Hopefully this gives us an added boost to our pass rush. Granted he's 33 so I am not sure we will see the same type of output he had in his last season with the Vikings (11.5 sacks - 2013), but I think he can better his output from last season with the Bears (5.5 sacks). Good move from Gettleman.
Indeed. Mariota is looking good out there, and he is proving the analysts who questioned his ability to play from day one wrong. And this game is making me wish I hadn't left Mariota and Sankey on my bench in favor of Tannehill and Miller! :( :D
Opening drive for Winston in the second half - 2 sacks and ended needing to convert a 3rd & 42 - the guy doesnt look ready to start in the NFL. Poor footwork. Poor decision making. If they hope he's their guy, it's going to be a long time away. Even Blaine Gabbert was better in his first game...
Their message board will be in meltdown over how they should have taken Mariota over Winston, and how they're doomed as long as Lovie if their head coach... By no means did I expect these types of performances from them game one, but of the two, I always felt that Mariota would have been the better pick of the two QBs.
Great news for Luke getting his deserves pay day. Great news for the Panthers tying up the best ILB in the league to a long term deal. Great news for the fans and all round that this offseason we have the leader/face of the defense and the leader/face of the offense signed to long term deals. On a side note, bet Luke wished LBs got paid like D-Linemen, what with Dareus getting a $108 million 6-year deal...
The Jags aren't devoid of talent and could be on the brink of breaking out, it wouldn't be surprising to see them win 6 to 8 games this season. Granted the same could be said about them last season, but if they can find the consistency that they lacked last season, then they are going to win more football games this season. So I am not surprised that some have picked them to beat us because they have the play makers and young talent to cause us problems, and if they take their chances and/or we start slow, us slipping up against the Jaguars is a possibility. That said, if we have aspirations to win a third consecutive division title and make the play offs, then these are the teams that we have to beat. We cannot afford to slip up against the Jaguars, the Texans in week two, or the following two games against the Saints and Buccaneers. We need to make sure we head into the bye week 4-0. We can't afford another slow start because the Saints, Falcons, and Buccaneers shouldn't be as bad as they were last season, and as soon as we come out of the bye week we head to Seattle, then have home games against the Eagles, Colts, and Packers. By the end of week 9 for us to have a chance we need to be at least 4-4, any worse and our play off chances are going to take a serious hit. So with a tough schedule after the bye week, we need to take advantage of these first four games and cannot afford to slip up against the Jags.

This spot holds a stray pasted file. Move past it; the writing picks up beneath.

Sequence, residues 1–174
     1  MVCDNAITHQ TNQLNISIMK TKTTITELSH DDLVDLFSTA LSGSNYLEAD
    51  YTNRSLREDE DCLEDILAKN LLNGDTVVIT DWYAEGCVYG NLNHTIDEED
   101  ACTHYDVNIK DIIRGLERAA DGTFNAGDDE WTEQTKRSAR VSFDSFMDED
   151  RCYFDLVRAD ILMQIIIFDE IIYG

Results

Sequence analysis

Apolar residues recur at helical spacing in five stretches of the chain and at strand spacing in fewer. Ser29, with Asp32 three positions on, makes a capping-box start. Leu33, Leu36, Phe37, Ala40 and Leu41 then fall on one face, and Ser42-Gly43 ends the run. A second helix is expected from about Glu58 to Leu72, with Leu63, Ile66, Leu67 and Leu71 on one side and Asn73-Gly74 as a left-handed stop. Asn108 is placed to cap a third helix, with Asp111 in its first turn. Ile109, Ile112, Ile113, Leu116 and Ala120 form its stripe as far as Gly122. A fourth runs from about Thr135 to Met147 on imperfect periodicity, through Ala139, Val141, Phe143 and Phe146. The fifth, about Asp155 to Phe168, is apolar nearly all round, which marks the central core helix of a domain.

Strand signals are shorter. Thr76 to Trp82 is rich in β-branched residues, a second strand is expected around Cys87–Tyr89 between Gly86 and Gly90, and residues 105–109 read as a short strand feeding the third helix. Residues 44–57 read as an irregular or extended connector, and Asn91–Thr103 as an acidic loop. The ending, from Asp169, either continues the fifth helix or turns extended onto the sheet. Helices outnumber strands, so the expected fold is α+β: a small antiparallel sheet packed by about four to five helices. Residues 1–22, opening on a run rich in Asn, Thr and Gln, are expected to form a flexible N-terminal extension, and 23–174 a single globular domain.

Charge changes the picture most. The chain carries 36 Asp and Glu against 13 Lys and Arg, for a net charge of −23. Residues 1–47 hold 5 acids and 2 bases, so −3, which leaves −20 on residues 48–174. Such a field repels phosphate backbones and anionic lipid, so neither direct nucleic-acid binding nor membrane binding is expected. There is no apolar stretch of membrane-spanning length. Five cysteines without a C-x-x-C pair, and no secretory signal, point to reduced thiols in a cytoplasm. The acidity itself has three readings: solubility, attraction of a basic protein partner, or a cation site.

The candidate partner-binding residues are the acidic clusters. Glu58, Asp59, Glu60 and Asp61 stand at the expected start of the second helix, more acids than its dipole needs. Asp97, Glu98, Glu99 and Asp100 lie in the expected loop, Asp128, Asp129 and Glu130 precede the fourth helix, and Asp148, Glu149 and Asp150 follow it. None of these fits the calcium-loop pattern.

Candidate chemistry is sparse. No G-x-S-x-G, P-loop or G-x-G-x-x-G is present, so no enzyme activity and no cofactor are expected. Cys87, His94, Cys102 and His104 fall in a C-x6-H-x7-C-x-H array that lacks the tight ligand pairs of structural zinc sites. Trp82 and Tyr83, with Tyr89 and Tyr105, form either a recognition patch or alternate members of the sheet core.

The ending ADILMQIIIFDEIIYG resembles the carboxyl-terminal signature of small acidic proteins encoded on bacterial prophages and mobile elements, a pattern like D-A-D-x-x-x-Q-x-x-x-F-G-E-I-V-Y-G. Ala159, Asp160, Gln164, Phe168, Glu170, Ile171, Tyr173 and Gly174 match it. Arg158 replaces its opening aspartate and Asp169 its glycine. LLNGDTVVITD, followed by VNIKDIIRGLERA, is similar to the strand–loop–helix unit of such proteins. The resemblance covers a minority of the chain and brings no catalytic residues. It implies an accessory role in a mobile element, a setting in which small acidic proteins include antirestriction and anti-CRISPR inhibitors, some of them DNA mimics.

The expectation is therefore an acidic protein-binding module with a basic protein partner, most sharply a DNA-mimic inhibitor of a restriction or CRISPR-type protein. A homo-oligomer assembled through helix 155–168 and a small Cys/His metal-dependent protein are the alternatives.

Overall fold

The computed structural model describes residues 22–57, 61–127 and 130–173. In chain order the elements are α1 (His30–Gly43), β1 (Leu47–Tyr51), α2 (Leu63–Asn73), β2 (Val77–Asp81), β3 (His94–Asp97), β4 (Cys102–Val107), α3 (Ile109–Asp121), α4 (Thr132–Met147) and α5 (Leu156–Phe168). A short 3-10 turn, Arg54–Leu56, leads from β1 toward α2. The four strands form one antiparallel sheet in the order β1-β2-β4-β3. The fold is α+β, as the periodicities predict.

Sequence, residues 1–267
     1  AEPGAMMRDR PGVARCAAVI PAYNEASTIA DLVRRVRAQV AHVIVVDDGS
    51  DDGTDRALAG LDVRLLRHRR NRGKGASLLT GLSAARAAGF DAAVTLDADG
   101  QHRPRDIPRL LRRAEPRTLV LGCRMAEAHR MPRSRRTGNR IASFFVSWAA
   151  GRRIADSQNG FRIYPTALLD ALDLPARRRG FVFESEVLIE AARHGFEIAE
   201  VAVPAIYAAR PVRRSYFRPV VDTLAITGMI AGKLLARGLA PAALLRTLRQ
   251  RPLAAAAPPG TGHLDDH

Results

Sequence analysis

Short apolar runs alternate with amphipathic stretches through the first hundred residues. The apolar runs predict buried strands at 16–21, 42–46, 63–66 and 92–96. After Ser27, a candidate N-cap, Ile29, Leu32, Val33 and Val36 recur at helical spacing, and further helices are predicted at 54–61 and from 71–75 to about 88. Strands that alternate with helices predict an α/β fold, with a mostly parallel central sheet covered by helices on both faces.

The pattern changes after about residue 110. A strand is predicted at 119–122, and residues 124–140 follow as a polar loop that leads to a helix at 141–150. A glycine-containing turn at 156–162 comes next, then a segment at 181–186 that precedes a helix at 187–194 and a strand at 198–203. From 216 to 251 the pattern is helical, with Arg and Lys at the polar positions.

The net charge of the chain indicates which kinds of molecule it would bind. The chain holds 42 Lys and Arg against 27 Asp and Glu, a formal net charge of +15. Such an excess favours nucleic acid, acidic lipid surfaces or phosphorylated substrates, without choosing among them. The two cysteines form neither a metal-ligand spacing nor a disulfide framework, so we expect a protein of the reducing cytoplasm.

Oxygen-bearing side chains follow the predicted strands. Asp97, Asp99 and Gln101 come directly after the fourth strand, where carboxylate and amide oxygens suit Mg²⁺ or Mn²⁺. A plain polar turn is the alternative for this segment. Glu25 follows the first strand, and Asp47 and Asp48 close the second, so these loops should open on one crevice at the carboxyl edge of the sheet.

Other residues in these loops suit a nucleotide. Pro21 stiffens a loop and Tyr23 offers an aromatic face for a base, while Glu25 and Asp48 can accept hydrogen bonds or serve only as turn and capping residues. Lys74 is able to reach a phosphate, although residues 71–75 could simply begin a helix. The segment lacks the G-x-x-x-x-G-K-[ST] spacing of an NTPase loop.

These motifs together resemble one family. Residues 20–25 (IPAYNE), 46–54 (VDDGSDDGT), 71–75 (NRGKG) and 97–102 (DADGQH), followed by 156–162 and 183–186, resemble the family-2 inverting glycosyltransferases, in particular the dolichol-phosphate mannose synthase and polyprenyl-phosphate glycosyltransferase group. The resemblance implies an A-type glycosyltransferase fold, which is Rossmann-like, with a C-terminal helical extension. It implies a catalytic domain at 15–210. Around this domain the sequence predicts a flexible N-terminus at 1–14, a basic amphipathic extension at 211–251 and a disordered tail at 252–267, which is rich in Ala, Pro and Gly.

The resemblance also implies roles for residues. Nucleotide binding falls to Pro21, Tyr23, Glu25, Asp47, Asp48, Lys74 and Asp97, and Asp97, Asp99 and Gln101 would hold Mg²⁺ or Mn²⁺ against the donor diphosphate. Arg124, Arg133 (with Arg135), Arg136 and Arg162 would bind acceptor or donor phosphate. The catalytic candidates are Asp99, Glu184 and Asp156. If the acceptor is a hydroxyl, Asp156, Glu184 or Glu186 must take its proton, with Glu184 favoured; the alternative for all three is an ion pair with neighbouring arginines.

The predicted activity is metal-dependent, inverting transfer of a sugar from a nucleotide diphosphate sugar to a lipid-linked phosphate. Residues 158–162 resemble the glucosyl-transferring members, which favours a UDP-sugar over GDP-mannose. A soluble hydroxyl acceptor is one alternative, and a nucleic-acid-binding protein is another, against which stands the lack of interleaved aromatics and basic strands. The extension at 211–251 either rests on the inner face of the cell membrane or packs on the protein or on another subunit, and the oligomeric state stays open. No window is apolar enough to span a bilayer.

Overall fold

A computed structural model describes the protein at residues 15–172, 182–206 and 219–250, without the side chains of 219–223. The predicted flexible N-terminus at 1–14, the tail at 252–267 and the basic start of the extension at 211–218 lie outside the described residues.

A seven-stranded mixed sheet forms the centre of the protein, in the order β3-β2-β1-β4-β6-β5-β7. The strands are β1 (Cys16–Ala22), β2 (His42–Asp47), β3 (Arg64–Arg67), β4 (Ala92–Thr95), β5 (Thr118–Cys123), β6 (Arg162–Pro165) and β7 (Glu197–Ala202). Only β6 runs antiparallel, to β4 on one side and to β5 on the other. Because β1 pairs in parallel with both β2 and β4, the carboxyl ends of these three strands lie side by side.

It's an interesting stat and argument, but there is no doubt that teams would rather face our current receiving core without Benji than with Benji. His presence on the field would force teams to plan for him and Olsen, which could potentially make the jobs of Funchess and co easier. Without him teams will just plan for covering Olsen, and force Cam to throw to our other lacklustre options or force throws to Olsen. We aren't doomed, but even with a low completion percentage, this team will feel the loss of Benji from game one.
Hakeem Nicks, Denarius Moore, and Vincent Brown are probably the most appealing free agent receivers I can think of, but all are free agents for a reason, and as such, they carry a risk as to whether they will end up contributing or not. So who would we cut to make room? If there's a belief in the veterans Cotchery and Ginn, they stay. They like what they see in Norwood, he stays. Funchess stays for obvious reasons. So unless Corey, Philly - whatever - continues to be drop prone, then the five we've got stay. So first problem is finding a dispensable player to cut, and the second problem is that the new reciever needs to step in and be able to move up the depth chart to make a difference, and outside of a few receivers, it is debatable how many could do that.